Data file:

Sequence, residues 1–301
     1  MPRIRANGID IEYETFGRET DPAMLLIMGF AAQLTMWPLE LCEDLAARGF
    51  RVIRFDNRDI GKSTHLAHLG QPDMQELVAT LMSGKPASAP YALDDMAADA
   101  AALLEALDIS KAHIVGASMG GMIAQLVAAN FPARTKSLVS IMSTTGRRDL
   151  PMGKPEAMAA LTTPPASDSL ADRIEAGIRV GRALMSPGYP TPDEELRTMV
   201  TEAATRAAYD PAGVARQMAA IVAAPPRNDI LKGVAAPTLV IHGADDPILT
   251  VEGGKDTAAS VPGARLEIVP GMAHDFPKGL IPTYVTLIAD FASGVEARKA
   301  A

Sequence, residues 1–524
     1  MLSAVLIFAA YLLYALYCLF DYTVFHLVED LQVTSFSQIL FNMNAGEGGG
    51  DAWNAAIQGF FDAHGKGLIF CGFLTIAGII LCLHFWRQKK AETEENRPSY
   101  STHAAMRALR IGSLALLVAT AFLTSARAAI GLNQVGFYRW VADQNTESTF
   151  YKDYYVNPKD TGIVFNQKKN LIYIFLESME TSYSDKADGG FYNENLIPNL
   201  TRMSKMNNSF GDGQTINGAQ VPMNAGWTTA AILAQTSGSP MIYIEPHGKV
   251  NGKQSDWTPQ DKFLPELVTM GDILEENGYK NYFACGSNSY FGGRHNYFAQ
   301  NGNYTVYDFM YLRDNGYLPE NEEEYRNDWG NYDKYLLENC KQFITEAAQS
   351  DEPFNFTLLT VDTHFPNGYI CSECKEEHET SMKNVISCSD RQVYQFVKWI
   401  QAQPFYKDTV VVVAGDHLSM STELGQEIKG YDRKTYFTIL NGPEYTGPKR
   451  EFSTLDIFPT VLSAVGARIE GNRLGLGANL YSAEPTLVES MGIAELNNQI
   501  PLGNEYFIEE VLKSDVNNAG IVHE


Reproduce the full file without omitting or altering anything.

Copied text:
Sequence, residues 1–301
     1  MPRIRANGID IEYETFGRET DPAMLLIMGF AAQLTMWPLE LCEDLAARGF
    51  RVIRFDNRDI GKSTHLAHLG QPDMQELVAT LMSGKPASAP YALDDMAADA
   101  AALLEALDIS KAHIVGASMG GMIAQLVAAN FPARTKSLVS IMSTTGRRDL
   151  PMGKPEAMAA LTTPPASDSL ADRIEAGIRV GRALMSPGYP TPDEELRTMV
   201  TEAATRAAYD PAGVARQMAA IVAAPPRNDI LKGVAAPTLV IHGADDPILT
   251  VEGGKDTAAS VPGARLEIVP GMAHDFPKGL IPTYVTLIAD FASGVEARKA
   301  A

Sequence, residues 1–524
     1  MLSAVLIFAA YLLYALYCLF DYTVFHLVED LQVTSFSQIL FNMNAGEGGG
    51  DAWNAAIQGF FDAHGKGLIF CGFLTIAGII LCLHFWRQKK AETEENRPSY
   101  STHAAMRALR IGSLALLVAT AFLTSARAAI GLNQVGFYRW VADQNTESTF
   151  YKDYYVNPKD TGIVFNQKKN LIYIFLESME TSYSDKADGG FYNENLIPNL
   201  TRMSKMNNSF GDGQTINGAQ VPMNAGWTTA AILAQTSGSP MIYIEPHGKV
   251  NGKQSDWTPQ DKFLPELVTM GDILEENGYK NYFACGSNSY FGGRHNYFAQ
   301  NGNYTVYDFM YLRDNGYLPE NEEEYRNDWG NYDKYLLENC KQFITEAAQS
   351  DEPFNFTLLT VDTHFPNGYI CSECKEEHET SMKNVISCSD RQVYQFVKWI
   401  QAQPFYKDTV VVVAGDHLSM STELGQEIKG YDRKTYFTIL NGPEYTGPKR
   451  EFSTLDIFPT VLSAVGARIE GNRLGLGANL YSAEPTLVES MGIAELNNQI
   501  PLGNEYFIEE VLKSDVNNAG IVHE